Pacific Media Watch Newsdesk
Reporters Without Borders (RSF) has condemned many media freedom violations during the general elections held in Papua New Guinea from 24 June to 8 July, including a gag order on a popular blogger as a result of a complaint by the head of the PNG Electoral Commission.
Journalists who went to cover the elections in the northern province of Madang were kept at bay by the police and the Electoral Commission, said the Paris-based RSF.
In the capital, Port Moresby, the media were barred from filming or taking photos in the city’s main vote-counting centre.
Amid many reports on social networks of allegations of vote-buying and violence, the authorities also took alarming measures against citizen-journalists, most notably blogger Martyn Namorong after he referred to Electoral Commissioner Patilias Gamato as a “tomato” in one of his many posts criticising the chaotic elections.
As reported by Asia Pacific Report and Pacific Media Watch, Gamato brought a suit claiming that he had been “seriously injured in his character, credit and reputation” in Namorong’s post, which went viral.
Defending his decision to sue, Gamato said: “I don’t look like a tomato, I’m a human being. So that’s defamatory, so I had to take him to court.”
The National Court, located in the Port Moresby administrative district of Waigani, responded by issuing a gag order, banning Namorong from publishing further “defamatory remarks” on Facebook and Twitter.
‘Duty to inform’
“Journalists and citizen-journalists have a duty to inform the public about what has gone wrong during an election.” RSF said.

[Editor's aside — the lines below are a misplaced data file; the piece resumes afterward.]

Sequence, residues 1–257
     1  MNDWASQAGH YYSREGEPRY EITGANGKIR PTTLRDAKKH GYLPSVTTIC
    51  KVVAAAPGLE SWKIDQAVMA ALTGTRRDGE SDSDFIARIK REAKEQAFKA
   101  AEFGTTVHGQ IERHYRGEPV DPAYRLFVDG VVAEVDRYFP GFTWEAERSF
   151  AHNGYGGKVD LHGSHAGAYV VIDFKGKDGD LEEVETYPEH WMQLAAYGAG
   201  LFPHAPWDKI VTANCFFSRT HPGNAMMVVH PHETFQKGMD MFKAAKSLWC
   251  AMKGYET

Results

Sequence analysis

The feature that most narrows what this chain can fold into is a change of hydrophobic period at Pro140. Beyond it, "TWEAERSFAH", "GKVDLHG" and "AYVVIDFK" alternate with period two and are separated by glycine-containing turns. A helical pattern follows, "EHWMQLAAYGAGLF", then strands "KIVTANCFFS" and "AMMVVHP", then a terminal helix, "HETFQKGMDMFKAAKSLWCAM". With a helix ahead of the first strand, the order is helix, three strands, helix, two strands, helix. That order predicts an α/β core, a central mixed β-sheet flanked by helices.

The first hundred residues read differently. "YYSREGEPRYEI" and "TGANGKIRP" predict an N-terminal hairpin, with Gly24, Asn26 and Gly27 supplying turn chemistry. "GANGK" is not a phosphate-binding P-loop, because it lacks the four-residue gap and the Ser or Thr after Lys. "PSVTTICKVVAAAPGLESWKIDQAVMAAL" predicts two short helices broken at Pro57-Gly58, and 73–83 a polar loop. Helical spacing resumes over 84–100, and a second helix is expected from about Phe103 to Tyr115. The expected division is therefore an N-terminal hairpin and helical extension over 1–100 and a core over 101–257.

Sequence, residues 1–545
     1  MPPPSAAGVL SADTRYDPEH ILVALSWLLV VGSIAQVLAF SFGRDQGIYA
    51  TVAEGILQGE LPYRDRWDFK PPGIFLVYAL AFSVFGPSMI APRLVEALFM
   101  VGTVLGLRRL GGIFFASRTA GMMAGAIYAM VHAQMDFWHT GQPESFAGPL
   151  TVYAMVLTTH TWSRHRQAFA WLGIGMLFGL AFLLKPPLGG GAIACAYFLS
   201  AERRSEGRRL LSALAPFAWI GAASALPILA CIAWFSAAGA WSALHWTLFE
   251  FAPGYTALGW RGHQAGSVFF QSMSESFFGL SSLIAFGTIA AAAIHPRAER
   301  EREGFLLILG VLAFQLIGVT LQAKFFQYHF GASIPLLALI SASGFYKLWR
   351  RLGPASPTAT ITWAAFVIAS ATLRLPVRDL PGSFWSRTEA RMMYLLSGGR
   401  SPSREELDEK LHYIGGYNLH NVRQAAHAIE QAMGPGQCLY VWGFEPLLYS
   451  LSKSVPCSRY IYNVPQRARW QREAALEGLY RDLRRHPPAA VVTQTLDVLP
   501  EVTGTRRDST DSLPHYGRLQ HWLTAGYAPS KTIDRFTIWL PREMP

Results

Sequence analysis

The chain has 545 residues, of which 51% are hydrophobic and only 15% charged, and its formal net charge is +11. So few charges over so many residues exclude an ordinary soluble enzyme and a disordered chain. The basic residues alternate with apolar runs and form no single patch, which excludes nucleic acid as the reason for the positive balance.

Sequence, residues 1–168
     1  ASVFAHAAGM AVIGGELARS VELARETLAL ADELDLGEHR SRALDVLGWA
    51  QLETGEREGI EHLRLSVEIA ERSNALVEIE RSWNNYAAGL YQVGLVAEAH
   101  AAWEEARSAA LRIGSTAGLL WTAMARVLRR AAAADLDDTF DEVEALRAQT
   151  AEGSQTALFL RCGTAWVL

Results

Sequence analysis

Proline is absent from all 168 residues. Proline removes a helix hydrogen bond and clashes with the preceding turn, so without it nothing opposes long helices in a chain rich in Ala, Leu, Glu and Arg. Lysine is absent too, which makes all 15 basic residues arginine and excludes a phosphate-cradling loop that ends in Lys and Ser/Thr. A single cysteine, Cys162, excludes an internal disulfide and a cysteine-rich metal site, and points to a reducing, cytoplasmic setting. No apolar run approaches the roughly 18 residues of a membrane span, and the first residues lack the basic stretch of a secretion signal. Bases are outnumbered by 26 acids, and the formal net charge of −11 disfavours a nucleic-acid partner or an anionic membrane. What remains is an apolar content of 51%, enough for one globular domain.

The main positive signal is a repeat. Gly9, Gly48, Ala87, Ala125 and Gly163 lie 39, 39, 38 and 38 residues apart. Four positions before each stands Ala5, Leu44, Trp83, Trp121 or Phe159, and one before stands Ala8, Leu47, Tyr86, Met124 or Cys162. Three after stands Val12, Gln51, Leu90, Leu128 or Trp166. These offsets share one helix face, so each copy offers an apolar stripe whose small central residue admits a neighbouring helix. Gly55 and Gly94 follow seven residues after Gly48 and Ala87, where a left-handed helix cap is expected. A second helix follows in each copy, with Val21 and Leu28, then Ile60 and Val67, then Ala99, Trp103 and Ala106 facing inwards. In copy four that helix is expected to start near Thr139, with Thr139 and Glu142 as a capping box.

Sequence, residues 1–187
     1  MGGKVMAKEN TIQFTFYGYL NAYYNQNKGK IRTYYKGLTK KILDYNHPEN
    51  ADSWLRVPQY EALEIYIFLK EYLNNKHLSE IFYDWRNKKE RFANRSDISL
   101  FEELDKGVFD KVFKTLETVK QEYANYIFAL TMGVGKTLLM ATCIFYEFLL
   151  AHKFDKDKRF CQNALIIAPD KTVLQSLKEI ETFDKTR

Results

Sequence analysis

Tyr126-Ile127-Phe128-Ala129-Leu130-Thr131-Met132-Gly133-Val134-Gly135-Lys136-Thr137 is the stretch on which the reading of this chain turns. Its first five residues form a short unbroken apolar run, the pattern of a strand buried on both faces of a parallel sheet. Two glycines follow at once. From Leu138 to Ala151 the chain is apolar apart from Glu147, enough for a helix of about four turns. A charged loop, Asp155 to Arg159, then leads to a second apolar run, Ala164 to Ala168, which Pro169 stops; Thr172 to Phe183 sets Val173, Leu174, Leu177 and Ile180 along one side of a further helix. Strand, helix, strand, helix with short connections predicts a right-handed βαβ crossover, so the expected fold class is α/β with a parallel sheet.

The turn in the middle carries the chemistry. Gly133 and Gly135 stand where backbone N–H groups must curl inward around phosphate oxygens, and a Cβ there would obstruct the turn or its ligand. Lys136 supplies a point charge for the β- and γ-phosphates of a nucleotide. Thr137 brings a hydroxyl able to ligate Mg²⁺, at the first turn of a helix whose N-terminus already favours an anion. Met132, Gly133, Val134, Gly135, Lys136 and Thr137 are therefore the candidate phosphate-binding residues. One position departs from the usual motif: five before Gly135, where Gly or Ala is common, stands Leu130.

“The courts and the authorities must recognise that Martyn Namorong committed no crime and must therefore lift the censorship order imposed on him.”
An international NGO that defends the freedom to inform, RSF added: “A country cannot claim to be democratic just because it holds elections. It must also respect and protect media freedom, which is the cornerstone of every democracy.”
Namorong’s lawyer, Christine Copland, said her client had no chance to speak when the gag order was imposed because court officials said they “could not locate him” to serve the documents, as reported by Asia Pacific Report.
Namorong’s response to the order was to post a photo of himself blindfolded and gagged. After another hearing was scheduled for today, he tweeted: “I am as cool as a cucumber about [the] hearing as my lawyers are no couch potatoes.”
Papua New Guinea is ranked 51st out of 180 countries in RSF’s 2017 World Press Freedom Index.